So if the core devs change the minimum fee schedule, lowering the maximum "free" tx from 10,000 to 1,000 bytes - how will that not cause a hard fork? Or at least prevent nodes running old software from propagating a new Tx?


I could be reading this wrong, but looks to me like the minimum fee schedule is part of the "standard tx" test, and so nodes with different fee schedules wouldn't be able to send all tx's between each other.

1 Answer 1


A bitcoin network fork occur when a block generated by one node is not accepted by a percentage of nodes, those nodes will split and continue working on its own.

This change will not cause a fork, it will cause that some transactions will be discarded by some nodes, older nodes will never include it on a block but newer nodes will and older nodes will accept a block with transactions different transaction fees as those are not checked for block validity.

This has already happened, pools can discard transactions without fees or ask for higher fees than usual for example and the block will be valid and included in the blockchain without problems.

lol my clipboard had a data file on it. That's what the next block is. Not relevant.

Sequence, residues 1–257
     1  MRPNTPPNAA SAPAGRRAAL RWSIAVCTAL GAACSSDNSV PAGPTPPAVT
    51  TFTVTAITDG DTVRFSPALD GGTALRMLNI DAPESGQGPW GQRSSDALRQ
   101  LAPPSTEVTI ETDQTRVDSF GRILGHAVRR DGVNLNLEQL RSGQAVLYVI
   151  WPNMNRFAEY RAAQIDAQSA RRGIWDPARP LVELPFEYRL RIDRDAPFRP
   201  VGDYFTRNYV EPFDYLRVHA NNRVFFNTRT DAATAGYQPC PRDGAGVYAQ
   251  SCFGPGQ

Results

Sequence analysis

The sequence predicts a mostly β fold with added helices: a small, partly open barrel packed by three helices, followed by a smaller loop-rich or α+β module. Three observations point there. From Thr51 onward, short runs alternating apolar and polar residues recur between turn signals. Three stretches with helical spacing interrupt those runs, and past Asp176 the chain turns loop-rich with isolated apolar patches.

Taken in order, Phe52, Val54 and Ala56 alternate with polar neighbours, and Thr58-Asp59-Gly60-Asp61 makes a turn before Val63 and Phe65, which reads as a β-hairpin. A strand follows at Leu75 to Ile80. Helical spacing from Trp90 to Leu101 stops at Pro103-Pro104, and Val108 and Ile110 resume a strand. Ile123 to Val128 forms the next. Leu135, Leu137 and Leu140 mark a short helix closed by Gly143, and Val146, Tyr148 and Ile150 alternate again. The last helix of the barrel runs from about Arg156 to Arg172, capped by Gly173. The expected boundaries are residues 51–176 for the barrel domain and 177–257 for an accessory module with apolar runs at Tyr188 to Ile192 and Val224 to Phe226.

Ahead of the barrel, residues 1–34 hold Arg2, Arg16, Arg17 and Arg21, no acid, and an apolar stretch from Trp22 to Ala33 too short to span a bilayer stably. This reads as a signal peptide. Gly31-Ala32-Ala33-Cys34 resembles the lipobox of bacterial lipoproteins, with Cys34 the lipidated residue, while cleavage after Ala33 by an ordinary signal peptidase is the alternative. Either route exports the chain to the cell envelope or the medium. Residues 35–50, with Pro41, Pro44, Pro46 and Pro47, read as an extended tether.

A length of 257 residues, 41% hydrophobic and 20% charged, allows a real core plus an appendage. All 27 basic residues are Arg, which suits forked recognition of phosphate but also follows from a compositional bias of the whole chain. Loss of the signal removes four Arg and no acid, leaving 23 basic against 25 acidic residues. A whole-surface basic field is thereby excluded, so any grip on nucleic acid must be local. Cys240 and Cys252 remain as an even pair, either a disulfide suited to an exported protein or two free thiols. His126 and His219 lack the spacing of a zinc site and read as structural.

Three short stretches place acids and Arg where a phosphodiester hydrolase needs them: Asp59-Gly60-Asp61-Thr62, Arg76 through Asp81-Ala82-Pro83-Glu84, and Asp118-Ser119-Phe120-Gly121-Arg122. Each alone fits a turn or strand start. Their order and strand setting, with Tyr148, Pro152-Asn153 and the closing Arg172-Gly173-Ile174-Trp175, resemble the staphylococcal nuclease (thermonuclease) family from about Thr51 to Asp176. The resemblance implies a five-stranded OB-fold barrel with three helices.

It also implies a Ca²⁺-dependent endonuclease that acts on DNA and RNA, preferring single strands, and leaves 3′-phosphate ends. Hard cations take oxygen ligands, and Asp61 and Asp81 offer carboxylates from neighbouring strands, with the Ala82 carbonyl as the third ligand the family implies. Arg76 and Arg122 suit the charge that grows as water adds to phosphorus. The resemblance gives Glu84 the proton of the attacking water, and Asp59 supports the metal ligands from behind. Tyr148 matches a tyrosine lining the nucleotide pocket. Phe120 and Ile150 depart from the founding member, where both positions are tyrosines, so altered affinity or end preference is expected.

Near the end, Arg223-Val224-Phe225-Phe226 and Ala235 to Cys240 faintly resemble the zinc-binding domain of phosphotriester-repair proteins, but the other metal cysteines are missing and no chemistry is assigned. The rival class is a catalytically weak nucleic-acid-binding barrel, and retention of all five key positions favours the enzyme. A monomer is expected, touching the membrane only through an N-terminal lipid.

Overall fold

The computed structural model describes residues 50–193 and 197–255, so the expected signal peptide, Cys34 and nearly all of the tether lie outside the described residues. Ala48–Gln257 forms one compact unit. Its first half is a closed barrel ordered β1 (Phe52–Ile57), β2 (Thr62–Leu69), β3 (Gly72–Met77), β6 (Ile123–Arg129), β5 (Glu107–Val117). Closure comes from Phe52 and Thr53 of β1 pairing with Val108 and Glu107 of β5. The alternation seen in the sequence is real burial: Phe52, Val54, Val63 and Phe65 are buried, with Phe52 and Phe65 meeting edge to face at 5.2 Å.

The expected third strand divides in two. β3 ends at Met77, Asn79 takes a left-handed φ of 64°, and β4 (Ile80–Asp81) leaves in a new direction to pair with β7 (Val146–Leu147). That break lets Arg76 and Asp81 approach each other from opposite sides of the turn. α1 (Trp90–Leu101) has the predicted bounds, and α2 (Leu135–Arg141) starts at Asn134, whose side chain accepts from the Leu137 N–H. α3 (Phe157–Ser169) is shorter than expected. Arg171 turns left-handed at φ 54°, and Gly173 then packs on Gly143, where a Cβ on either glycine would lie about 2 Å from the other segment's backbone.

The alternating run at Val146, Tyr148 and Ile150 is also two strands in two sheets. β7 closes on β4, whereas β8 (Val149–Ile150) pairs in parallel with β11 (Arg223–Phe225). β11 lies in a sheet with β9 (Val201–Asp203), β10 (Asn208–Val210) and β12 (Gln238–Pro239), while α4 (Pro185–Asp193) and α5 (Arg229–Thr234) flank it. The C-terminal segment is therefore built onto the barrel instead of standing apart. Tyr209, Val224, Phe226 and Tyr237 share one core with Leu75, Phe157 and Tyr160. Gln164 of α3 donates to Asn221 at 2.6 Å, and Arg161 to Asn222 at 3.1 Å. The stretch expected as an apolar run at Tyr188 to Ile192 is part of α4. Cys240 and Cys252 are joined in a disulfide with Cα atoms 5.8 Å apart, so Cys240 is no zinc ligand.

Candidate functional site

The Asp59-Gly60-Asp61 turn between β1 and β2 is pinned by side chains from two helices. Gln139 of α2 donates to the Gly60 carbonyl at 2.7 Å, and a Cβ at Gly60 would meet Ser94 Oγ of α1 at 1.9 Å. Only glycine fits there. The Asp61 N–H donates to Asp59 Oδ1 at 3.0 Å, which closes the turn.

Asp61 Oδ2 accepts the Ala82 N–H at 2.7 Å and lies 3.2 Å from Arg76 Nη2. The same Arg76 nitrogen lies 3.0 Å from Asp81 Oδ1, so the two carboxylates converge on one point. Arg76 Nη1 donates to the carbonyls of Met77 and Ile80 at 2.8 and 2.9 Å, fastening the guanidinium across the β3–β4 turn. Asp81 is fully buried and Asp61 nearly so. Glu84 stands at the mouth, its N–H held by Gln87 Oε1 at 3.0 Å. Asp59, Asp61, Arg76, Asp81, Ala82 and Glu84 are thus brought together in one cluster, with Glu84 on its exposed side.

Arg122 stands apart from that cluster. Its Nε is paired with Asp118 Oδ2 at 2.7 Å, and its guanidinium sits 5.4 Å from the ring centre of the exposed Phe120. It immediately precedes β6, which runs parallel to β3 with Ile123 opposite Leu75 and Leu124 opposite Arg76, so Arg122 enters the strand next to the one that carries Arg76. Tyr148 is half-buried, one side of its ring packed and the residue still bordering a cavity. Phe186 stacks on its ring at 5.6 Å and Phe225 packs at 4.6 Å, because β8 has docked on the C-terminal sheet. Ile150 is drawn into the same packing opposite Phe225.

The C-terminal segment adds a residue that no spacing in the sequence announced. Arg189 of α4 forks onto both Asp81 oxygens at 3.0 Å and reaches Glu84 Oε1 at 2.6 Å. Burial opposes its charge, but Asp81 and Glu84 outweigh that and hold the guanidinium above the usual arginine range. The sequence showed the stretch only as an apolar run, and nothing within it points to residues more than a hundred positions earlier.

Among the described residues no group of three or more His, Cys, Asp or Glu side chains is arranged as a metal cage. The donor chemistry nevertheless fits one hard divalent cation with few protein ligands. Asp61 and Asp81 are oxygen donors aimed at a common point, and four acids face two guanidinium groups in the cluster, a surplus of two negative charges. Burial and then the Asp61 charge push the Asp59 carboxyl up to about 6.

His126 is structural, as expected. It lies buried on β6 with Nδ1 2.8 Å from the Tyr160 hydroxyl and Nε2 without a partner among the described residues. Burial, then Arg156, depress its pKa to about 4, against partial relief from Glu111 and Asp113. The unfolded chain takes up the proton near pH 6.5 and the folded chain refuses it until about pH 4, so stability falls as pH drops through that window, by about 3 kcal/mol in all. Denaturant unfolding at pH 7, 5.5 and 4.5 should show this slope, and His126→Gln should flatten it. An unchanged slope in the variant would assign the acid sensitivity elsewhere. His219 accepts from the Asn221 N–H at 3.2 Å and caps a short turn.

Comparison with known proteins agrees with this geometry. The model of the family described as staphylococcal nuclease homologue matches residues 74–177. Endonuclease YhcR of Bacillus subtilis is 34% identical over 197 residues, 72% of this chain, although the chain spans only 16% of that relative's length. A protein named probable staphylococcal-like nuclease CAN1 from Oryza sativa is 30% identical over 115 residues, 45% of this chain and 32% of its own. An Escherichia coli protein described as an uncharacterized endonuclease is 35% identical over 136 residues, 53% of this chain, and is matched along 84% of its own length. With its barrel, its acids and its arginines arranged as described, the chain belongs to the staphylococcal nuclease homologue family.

• Thanks, so nothing as extreme as a hard fork, but a Tx with the "wrong" fee will not be accepted by older nodes? Makes the network a bit rocky doesn't it?
    – pinhead
    Jan 19, 2014 at 13:39
  • Well that's the problem/virtue of P2P networks, everyone can run it's own node and while you follow the protocol nobody should bother you about your specific implementation. Just now there are several differnent teams working on alternative implementations of the reference client, they will differ for sure on some things but is great to be able to choose the best client for your needs.
    – frisco
    Jan 19, 2014 at 14:05

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